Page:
Sprouted Wheat Soft Pretzel – A Lenten Tradition

 

 

When you sink your teeth into the warm soft dough of a German-style pretzel, coated with noticeable salt crystals, it is hard to believe that the twisted dough was fashioned for a penitential purpose. In fact, the Vatican library actually holds a manuscript (code 3867), describing and illustrating none other than a pretzel!

In Catholic tradition, a penitent crosses their arms over their chest to show that they are abstaining. In this vein, an individual approaching the priest for reception of Communion, crosses their arms over their chest to indicate that they are abstaining from reception.

Tradition also holds that a young Italian monk was the first to fashion the pretzel out of water, flour, and salt. This was done as an appropriate Lenten food, which also packed a spiritual reminder. The breads were called bracellae in Latin, meaning “little arms.” When looking at a pretzel from the bottom up, you can see the folded arms. This gesture reminded partakers of the breads that they should remain aware of the purpose of their penance, in accord with Jesus’ forty days of prayer and fasting in the desert.

Ingredients

  • 1 cup milk
  • 2 tablespoons brown sugar
  • 1 package active dry yeast
  • 8 tablespoons softened butter
  • 2 1/2 cups sprouted wheat flour (One Degree Organic)
  • 1 teaspoon baking soda
  • 1 teaspoon salt
  • 2 tablespoons coarse sea salt

Directions

Warm the milk in a saucepan, stirring in the brown sugar until dissolved into the milk.

IMG_20160215_161604416

Sprinkle the yeast into the warm milk mixture and stir. Allow the yeast to sit for 5-10 minutes.

IMG_20160215_162826598

Stir in the butter until fully melted.

IMG_20160215_164114801

In a separate bowl, mix the sprouted wheat flour, baking soda, and salt together. Mix into the wet ingredients, forming a sticky dough.

Knead on a lightly floured surface about 5 minutes. Shape in a ball, place in a bowl covered with plastic wrap.

Allow the bowl to sit in a warm spot such as the microwave or toaster oven for about an hour. I like to set a cup of boiling hot water next to the dough bowl. The warm moisture helps the dough to rise.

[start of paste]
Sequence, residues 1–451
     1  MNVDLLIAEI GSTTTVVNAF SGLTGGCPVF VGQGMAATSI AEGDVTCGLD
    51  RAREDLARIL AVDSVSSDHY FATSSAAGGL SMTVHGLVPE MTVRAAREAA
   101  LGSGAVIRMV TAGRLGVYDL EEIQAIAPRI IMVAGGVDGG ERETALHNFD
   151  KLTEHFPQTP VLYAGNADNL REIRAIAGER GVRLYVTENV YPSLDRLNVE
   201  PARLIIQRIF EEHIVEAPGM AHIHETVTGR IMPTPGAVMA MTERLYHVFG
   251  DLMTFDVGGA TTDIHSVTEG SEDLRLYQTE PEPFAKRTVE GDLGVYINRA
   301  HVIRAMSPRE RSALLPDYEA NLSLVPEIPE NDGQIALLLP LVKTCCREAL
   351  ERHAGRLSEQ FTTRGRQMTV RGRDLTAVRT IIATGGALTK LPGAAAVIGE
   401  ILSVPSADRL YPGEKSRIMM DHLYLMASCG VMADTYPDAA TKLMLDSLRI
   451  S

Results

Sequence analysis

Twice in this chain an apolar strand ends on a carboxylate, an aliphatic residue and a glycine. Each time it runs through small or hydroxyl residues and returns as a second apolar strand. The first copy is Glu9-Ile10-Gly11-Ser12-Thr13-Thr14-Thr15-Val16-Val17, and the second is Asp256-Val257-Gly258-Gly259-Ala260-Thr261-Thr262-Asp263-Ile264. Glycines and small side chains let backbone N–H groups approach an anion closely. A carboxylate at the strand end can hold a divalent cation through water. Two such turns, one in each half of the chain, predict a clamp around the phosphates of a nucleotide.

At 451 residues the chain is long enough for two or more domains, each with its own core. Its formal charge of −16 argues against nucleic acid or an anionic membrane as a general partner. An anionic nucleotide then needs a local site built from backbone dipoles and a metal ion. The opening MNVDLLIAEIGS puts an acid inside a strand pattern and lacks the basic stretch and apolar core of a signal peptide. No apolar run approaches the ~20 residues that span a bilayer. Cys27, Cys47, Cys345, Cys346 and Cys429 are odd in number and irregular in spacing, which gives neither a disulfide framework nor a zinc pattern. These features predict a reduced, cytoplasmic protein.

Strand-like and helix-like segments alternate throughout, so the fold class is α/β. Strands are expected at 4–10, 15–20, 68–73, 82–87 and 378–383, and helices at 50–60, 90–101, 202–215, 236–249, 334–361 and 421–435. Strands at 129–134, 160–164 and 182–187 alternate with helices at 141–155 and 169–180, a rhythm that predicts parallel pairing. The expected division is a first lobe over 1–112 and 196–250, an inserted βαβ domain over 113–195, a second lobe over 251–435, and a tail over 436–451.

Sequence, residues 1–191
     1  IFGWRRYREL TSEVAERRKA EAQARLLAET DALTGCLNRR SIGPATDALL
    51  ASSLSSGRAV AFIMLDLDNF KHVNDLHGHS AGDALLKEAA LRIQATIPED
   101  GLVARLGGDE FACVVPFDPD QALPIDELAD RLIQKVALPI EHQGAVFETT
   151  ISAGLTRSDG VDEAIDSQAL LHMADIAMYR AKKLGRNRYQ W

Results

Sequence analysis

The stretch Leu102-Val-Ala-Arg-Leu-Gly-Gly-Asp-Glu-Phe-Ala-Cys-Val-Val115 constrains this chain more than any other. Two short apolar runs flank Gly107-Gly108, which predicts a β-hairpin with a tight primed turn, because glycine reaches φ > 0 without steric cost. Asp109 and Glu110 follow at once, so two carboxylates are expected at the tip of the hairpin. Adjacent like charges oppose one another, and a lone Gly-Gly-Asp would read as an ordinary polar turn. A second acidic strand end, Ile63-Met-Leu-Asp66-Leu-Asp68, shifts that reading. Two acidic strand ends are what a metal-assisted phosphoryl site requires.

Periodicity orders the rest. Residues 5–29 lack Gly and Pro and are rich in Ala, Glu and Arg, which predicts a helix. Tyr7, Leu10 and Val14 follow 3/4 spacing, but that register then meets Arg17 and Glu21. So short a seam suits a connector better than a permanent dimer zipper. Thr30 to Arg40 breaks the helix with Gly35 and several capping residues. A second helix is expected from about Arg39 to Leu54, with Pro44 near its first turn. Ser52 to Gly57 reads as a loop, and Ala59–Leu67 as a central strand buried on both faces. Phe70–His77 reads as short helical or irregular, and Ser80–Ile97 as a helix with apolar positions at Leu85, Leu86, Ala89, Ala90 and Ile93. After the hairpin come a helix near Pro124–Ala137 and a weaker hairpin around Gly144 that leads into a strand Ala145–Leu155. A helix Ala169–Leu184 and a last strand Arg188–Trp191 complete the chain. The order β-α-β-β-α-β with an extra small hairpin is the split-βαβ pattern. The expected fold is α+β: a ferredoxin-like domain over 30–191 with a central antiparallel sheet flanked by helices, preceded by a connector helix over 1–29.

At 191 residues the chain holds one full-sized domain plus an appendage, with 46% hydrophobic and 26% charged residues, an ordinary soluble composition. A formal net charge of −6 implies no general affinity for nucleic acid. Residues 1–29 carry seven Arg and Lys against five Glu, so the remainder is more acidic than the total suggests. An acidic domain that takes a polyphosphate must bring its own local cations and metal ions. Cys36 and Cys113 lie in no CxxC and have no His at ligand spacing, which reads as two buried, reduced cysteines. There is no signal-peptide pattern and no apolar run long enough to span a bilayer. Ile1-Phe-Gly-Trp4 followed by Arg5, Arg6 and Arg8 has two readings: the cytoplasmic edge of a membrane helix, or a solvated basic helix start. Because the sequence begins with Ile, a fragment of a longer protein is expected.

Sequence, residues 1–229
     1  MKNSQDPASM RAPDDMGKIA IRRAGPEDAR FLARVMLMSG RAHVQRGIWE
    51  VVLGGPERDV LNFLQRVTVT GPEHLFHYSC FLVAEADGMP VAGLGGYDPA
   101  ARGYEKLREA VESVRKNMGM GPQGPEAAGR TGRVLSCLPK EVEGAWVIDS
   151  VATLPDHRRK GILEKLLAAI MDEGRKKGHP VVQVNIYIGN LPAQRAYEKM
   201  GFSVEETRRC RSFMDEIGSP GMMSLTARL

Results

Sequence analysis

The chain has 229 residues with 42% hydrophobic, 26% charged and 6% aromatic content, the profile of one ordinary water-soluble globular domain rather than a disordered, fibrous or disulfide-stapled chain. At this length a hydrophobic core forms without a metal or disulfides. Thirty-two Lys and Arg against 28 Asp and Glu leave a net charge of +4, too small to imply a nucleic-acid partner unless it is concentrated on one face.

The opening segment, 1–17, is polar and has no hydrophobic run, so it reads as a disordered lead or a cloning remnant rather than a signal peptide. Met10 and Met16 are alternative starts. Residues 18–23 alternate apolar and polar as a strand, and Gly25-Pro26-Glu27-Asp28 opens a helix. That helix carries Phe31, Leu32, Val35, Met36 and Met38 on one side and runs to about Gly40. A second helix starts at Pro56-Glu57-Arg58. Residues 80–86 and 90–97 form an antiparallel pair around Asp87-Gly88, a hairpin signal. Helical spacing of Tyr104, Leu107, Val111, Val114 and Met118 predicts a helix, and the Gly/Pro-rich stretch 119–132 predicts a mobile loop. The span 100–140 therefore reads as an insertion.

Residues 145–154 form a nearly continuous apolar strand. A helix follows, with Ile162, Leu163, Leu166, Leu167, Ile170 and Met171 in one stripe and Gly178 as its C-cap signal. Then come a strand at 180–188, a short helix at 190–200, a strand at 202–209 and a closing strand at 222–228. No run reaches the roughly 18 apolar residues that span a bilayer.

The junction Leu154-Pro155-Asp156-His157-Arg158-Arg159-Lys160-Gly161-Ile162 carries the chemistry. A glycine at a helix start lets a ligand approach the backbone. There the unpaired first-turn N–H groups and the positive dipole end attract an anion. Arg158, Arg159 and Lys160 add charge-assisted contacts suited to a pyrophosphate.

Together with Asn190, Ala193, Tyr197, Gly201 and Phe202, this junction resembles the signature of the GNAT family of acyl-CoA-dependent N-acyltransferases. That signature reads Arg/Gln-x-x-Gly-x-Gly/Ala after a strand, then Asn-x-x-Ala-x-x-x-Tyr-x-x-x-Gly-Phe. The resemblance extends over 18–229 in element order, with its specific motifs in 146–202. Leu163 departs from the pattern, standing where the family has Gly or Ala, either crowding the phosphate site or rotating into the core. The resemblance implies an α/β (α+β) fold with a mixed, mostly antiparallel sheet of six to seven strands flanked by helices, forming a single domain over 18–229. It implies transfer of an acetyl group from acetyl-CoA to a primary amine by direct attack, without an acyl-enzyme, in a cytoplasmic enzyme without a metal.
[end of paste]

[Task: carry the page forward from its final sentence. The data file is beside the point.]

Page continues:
*Sprouted wheat flour does not usually rise as much as white flour. 

Preheat oven to 400 degrees and line a baking sheet with parchment paper.

IMG_20160215_172409027

Tear off a handful of the dough and begin rolling, forming an evenly thick rope.

IMG_20160215_172520305

Lay the dough rope before you, forming a smile.

IMG_20160215_172538304

Fold the right side in toward your left, and then the left side in toward your right.

IMG_20160215_172556778

Finally, twist the center pieces together, and lay them down again on top of the outer pretzel.

IMG_20160216_101821

Place the pretzels on the parchment lined baking sheet.

IMG_20160216_102006

Brush warm water or melted butter on the tops of the pretzels.

IMG_20160216_102123

Sprinkle the coarse sea on the wet pretzel surfaces.

IMG_20160216_102249

Bake about 15 minutes or until golden brown.

Beer (WM)

Get out your monk brewed dunkel beer and spicy mustard!

JOIN OUR FREE NEWSLETTER
Subscribing via email is the best way to stay connected to what's happening here at The Lion of Design! Inspiration for growth in faith, vocation, and ways to be healthy and creative in your home!
When you subscribe, you'll also get a free digital download of one of my most popular prints!
(Visited 25 times, 1 visits today)

Comments

  1. says

    Yes Sterling! And for someone who struggles to get bread to rise, this was a great disguise 😉

    How do your children do with cooking projects? Half of all ingredients are eaten by cook time here.

  2. Becky says

    Oooh I haven’t made pretzels in a long time – thanks for the reminder! Plus the religious aspect is always extra cool & festive!

  3. FrAnthony Sortino says

    Kim, I love the way you bring the faith to others, and make it part of the family traditions. That is, indeed, a twist I love to see! Blessings to you and your family this Lent!

Leave a Reply